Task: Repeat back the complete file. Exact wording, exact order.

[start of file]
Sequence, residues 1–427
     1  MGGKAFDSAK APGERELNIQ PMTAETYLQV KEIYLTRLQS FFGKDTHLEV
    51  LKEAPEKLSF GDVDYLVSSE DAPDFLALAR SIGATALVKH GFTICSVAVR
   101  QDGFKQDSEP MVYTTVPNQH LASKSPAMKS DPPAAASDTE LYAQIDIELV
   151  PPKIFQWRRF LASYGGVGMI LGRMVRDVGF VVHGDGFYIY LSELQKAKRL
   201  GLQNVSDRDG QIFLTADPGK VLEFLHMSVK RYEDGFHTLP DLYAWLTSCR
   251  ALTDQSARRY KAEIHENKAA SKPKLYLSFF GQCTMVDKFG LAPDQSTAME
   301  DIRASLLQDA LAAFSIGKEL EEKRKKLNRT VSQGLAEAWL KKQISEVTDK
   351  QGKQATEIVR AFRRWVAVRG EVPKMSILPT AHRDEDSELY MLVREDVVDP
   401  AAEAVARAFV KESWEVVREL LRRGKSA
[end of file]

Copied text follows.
Sequence, residues 1–427
     1  MGGKAFDSAK APGERELNIQ PMTAETYLQV KEIYLTRLQS FFGKDTHLEV
    51  LKEAPEKLSF GDVDYLVSSE DAPDFLALAR SIGATALVKH GFTICSVAVR
   101  QDGFKQDSEP MVYTTVPNQH LASKSPAMKS DPPAAASDTE LYAQIDIELV
   151  PPKIFQWRRF LASYGGVGMI LGRMVRDVGF VVHGDGFYIY LSELQKAKRL
   201  GLQNVSDRDG QIFLTADPGK VLEFLHMSVK RYEDGFHTLP DLYAWLTSCR
   251  ALTDQSARRY KAEIHENKAA SKPKLYLSFF GQCTMVDKFG LAPDQSTAME
   301  DIRASLLQDA LAAFSIGKEL EEKRKKLNRT VSQGLAEAWL KKQISEVTDK
   351  QGKQATEIVR AFRRWVAVRG EVPKMSILPT AHRDEDSELY MLVREDVVDP
   401  AAEAVARAFV KESWEVVREL LRRGKSA